The Miix 700 runs up to an Intel Core M7 processor, which puts it more in line with the low-powered Surface 3 than the beefy Surface Pro 3. You can still include up to 8GB of RAM and a 256GB SSD if you need a bit more speed and space, though. Its 12-inch screen runs at 2,160 by 1,440 pixels, a tad sharper than plain old 1080p, and it weighs 1.7 pounds with the keyboard attached. There are also 5-megapixel front and rear cameras, and you also have the option of plugging in Intel's RealSense 3D camera, which will let you log into Windows 10 using just your face. That's something no Surface tablet does yet -- but you can be sure Microsoft will include something similar in its next refresh (which is expected to hit in a few months).
In my short hands-on time with the Miix 700, it felt like a solid, if somewhat familiar, device. Its kickstand lays flat on its back and takes a bit of effort to pull out, and it can expand almost to around 160 degrees. The big difference from the Surface? Its hinges are prominently displayed on the Miix 700's back, rather than being hidden under the hinge. It uses two of the same "watchband" hinges we saw on the Yoga Pro 3, a design that we ended up liking last year. I didn't have a chance to hold the Miix 700 on my lap, but judging from the sturdiness of the keyboard and its hinge design, I expect it to be about as "lappable" as the last few Surface tablets.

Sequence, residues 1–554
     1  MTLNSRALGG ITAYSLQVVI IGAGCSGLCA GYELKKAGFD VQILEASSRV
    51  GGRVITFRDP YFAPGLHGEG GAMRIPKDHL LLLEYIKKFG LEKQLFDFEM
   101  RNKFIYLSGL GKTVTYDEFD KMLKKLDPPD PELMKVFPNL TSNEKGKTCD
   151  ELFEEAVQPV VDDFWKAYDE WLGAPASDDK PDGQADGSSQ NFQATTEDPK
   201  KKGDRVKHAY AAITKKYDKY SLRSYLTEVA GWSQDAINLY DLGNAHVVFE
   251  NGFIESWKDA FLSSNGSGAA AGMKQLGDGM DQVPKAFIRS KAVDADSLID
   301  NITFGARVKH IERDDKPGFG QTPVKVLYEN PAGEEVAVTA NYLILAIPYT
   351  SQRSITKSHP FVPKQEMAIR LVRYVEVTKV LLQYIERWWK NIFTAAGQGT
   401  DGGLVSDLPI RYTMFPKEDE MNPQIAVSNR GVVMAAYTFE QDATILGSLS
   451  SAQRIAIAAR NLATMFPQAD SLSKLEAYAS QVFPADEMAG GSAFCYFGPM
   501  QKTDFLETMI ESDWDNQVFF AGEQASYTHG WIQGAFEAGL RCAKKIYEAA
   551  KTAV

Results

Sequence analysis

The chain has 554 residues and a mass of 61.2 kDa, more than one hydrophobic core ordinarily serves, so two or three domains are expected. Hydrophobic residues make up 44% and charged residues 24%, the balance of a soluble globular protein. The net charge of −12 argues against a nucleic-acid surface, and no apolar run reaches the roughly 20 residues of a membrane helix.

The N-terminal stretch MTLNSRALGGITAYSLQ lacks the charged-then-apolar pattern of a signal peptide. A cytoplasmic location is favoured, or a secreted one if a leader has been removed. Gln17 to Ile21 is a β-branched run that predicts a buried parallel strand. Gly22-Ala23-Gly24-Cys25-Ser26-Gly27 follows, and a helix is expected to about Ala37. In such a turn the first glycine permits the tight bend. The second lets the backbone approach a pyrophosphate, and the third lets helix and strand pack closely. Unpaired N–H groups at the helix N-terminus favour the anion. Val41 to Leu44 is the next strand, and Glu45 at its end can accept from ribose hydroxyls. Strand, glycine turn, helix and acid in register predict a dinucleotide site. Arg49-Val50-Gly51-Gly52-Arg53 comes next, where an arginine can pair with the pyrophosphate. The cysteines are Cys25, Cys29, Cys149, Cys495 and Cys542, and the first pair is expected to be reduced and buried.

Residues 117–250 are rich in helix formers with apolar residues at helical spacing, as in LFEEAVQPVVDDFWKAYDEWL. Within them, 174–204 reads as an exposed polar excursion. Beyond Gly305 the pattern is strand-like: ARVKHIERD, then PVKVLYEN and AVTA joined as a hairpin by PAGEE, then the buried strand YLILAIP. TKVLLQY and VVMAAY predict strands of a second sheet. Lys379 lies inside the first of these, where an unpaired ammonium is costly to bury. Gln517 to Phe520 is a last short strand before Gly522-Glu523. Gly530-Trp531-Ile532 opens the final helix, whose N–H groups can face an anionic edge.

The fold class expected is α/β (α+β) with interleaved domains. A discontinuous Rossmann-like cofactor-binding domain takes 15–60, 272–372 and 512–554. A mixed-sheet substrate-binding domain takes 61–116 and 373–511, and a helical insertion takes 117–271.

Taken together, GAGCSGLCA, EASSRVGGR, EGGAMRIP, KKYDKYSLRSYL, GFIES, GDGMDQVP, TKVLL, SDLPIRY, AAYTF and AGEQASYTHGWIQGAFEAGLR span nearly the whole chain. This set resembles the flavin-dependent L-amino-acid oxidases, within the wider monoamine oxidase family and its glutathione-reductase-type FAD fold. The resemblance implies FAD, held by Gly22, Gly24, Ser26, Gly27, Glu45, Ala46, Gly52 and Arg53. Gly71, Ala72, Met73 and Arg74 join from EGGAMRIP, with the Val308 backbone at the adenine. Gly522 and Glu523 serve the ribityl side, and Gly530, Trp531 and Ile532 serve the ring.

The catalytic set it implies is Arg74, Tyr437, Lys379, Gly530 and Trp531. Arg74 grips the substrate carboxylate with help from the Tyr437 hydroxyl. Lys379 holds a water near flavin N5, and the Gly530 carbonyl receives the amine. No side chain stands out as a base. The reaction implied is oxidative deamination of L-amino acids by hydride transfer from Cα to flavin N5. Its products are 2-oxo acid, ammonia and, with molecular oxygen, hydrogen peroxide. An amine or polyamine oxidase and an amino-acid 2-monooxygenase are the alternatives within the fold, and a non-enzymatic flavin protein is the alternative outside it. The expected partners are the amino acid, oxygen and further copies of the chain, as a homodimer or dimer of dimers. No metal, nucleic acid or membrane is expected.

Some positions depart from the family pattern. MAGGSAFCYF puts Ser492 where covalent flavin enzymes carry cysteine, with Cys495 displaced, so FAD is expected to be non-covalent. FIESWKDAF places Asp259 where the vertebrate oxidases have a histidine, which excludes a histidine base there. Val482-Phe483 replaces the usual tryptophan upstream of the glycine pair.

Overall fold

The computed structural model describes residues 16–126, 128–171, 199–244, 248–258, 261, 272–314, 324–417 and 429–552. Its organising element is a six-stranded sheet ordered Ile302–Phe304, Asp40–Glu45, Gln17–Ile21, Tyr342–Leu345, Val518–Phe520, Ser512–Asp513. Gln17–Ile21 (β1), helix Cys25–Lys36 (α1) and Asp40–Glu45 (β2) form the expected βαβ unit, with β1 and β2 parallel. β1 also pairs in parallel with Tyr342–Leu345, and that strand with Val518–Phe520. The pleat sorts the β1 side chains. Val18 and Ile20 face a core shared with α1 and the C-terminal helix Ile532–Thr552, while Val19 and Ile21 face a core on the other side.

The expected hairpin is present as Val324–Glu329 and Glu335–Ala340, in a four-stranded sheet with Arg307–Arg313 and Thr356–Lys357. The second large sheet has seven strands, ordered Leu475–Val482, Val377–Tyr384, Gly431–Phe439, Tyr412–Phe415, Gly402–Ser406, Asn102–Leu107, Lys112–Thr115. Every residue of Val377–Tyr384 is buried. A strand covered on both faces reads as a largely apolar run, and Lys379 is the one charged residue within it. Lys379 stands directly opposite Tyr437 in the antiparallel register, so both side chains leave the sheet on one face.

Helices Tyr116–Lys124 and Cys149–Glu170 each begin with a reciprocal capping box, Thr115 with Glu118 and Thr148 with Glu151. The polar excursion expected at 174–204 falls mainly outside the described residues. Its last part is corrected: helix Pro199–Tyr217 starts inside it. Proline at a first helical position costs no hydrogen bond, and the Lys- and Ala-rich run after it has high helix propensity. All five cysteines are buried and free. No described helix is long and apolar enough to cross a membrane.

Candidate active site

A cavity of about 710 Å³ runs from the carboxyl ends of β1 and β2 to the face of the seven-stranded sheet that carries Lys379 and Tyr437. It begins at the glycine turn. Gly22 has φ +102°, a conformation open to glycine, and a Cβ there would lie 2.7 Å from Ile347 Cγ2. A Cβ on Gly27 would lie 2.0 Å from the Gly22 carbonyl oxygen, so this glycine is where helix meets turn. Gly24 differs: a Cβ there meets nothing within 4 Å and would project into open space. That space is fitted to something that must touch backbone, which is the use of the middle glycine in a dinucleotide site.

More on that keyboard accessory: I can't stress enough how great it feels. Lenovo is no stranger to quality keyboards, after all. But it's still surprising to see it pull off a very usable keyboard on a tablet cover. It also folds up slightly onto the tablet's screen to give the keys a bit of an angle (a design choice that Microsoft also used to stabilize its keyboard).
Still, as good as the Miix 700 looks and feels, you wouldn't be blamed for wondering why it even exists. Lenovo has explored other detachable tablet concepts, like the Miix 2, and it's also spent plenty of time honing its hinge technology for its many Yoga convertibles. It's also still the largest global PC vendor, with around 20 percent of the market. One possible reason is that it may feel threatened by the growth of the Surface lineup, which would also explain why it lifted so many design choices from Microsoft. If anything, Microsoft should take it as a compliment.